For many children, a small stuffed animal might be an item that is taken for granted. It might be something that many adults consider a token gift. But for children caught in the middle of domestic violence or other incidents that bring law enforcement to the door, it can make a big difference toward overcoming their fears or apprehensions.
That’s why the Highland County Prosecutor’s Office and the Highland County Prosecutor’s Victim Assistance Program are teaming up with police agencies across Highland County to ask local residents to donate to the Comfort Critters Campaign, which collects stuffed animals that will be distributed to law enforcement to carry in their cruisers, and then given to children who are involved in frightening or traumatic incidents.
“We have been to a lot of crime scenes and the kids are absolutely lost in the turmoil. It is so sad,” said Highland County Prosecutor Anneka Collins. “We have removed children from homes and the only thing they have had are the clothes they are wearing. When an officer arrives at a domestic situation or a traffic crash, a teddy bear can bring a lot of comfort to our most innocent victims. We are hoping to do that.”
On Thursday morning, police Chief Todd Whited from Hillsboro, Chief Tim Hester from Greenfield and Chief Tim Tyree from Leesburg were joined by Highland County Sheriff Donnie Barrera to kick-off the campaign. Also on hand were Collins, first assistant Prosecutor Molly Bolek and Niki Glispie, director-advocate for the Victim-Witness Assistance Program.
Over the years, many residents have donated stuffed animals to local law enforcement officers, who in turn have had the items on hand to provide to children. But the program announced Thursday will ensure that the “comfort critters” are always available and that all officers on duty will have them available in their cruisers.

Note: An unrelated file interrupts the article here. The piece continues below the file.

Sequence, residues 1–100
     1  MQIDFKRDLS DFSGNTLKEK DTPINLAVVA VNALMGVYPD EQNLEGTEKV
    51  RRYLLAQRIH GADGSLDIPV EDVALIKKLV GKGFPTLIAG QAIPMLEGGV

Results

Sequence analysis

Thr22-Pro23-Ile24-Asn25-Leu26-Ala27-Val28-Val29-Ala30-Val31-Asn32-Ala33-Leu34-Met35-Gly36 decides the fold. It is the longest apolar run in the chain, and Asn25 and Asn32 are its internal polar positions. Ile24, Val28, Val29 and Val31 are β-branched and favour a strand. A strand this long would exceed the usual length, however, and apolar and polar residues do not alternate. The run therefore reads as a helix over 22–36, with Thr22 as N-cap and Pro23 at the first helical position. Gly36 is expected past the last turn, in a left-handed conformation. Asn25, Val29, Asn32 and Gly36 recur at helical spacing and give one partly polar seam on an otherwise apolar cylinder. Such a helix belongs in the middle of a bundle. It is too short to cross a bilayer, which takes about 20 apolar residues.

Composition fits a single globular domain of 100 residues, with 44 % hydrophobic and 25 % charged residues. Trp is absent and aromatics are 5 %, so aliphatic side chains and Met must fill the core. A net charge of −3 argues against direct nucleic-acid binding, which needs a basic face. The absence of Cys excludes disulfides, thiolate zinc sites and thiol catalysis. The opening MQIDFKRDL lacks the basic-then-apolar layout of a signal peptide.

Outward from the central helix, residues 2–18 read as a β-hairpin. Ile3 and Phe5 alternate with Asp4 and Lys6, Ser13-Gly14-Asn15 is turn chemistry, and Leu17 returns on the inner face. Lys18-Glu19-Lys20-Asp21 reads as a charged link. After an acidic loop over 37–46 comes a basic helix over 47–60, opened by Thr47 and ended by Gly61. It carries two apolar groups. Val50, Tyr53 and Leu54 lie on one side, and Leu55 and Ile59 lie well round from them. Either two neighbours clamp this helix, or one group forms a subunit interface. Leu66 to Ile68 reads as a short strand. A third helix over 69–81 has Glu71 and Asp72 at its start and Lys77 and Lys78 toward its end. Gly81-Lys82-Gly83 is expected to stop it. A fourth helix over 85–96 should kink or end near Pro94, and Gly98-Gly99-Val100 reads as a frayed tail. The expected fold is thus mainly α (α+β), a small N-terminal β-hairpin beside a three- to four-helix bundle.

“Hopefully we will be able to collect stuffed animals and keep this project going,” said Collins. “We would like Comfort Critters to be a permanent fixture in our county.”
The lawmen who were gathered Thursday all offered examples of situations where children find themselves innocent victims of frightening events, and the added intimidation of a police or sheriff’s deputy just adds to their sense of worry. When someone in uniform can comfort children with a smile and the gift of a “comfort critter,” it helps alleviate the fear, they agreed.
Collins, Bolek and Glispie said the same is true of children who find themselves in the court system after a parent or guardian is arrested, incapacitated or even killed. Collins said she has had children cling to a stuffed animal while testifying in court.
While all stuffed animals are welcome, the program is geared toward small to medium “critters” that can be used to fill boxes that will be carried in cruisers.
Boxes featuring a picture of a teddy bear have been distributed at local businesses to collect stuffed animals, including Magic Touch Salon, Larry’s Party Shop and The Times-Gazette in Hillsboro, Mane Street Salon in Leesburg, and the Highland County Prosecutor’s Victim Assistance Office in the Highland County Courthouse, and the Job & Family Services offices in Highland County.
Reach Gary Abernathy at 937-393-3456 or on Twitter @abernathygary.
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